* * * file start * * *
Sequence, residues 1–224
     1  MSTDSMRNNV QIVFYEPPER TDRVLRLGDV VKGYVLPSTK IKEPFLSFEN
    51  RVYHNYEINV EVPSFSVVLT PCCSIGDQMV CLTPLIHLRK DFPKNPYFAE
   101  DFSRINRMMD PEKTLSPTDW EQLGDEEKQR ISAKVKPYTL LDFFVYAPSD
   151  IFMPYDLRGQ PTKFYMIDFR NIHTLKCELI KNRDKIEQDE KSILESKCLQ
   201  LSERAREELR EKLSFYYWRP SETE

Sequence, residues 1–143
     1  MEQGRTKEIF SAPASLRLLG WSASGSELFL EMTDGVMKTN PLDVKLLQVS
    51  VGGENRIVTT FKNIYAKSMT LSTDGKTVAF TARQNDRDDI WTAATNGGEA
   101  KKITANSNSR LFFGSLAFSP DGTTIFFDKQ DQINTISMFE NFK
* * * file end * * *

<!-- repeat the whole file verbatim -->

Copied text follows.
Sequence, residues 1–224
     1  MSTDSMRNNV QIVFYEPPER TDRVLRLGDV VKGYVLPSTK IKEPFLSFEN
    51  RVYHNYEINV EVPSFSVVLT PCCSIGDQMV CLTPLIHLRK DFPKNPYFAE
   101  DFSRINRMMD PEKTLSPTDW EQLGDEEKQR ISAKVKPYTL LDFFVYAPSD
   151  IFMPYDLRGQ PTKFYMIDFR NIHTLKCELI KNRDKIEQDE KSILESKCLQ
   201  LSERAREELR EKLSFYYWRP SETE

Sequence, residues 1–143
     1  MEQGRTKEIF SAPASLRLLG WSASGSELFL EMTDGVMKTN PLDVKLLQVS
    51  VGGENRIVTT FKNIYAKSMT LSTDGKTVAF TARQNDRDDI WTAATNGGEA
   101  KKITANSNSR LFFGSLAFSP DGTTIFFDKQ DQINTISMFE NFK